When she speaks about photography, Akiko Takizawa undergoes a transformation. The cheerful young woman turns into a dark storyteller from the beyond. She speaks about her uncle, her mentor, who introduced her to photography at 19 and died young. She speaks about her aunt who, knowing she would die soon, wrote letters to the deceased. She speaks about the death of her grandparents and their abandoned house, which Takizawa visited just before it was demolished. She speaks about the dead, invokes spirits and communicates with them. She speaks about the absolute necessity in photography of a disconnection between the heart and brain. “I’m 42 but I feel very old, and I’m only alive through photography.” She speaks about the poor neighborhoods where she’s always lived, about anxiety and the anger of these places of which she is very afraid. This is a fear she wants to overcome in order to release the shutter, and we understand better and better the extraordinary relationship between Takizawa and the Japanese tradition of black-and-white postwar photography.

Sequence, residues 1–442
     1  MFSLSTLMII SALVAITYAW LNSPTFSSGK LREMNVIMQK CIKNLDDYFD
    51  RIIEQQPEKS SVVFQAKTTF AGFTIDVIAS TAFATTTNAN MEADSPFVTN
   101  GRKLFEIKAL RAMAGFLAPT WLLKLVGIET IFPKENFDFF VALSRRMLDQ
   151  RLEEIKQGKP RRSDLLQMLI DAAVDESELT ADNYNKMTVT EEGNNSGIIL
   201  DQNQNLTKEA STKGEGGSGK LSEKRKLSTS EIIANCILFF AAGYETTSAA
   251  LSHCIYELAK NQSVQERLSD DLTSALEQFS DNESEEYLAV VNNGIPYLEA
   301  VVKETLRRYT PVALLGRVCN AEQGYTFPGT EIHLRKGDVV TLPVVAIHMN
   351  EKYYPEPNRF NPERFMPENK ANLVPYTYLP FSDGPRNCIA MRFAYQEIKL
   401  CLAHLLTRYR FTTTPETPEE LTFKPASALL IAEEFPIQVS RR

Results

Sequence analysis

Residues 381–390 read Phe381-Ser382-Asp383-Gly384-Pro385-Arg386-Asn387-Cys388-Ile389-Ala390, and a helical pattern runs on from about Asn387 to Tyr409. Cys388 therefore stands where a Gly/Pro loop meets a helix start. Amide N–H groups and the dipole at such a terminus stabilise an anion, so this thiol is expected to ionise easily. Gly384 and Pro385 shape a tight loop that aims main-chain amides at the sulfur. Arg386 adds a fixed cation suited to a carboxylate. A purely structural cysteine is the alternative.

Winners Prix HSBC pour la Photographie 2014
Delphine Burtin & Akiko Takizawa
From June 20th to July 12th, 2014
Galerie Seine 51
51, rue de Seine
The eye of readersDavid Hume Kennerly
Lauréate Prix HSBC 2014
Delphine Burtin chose to call her exhibition Encouble, a Swiss term meaning, “something that embarrasses, that is unwelcome, that interferes.” Sure, she’s being provocative, but she can afford to be: she’s very talented. Originally, Burtin was interested i...
Awards20th Anniversary Prix HSBC pour la Photographie : Akiko Takizawa, 2014 Winner
Last year’s Prix HSBC pour la Photographie was awarded to two women, Akiko Takizawa, a Japanese photographer based in London, and Delphine Burtin, from Switzerland. Simon Baker, a curator of photography and international art at London’s Tate Modern, served as the arti...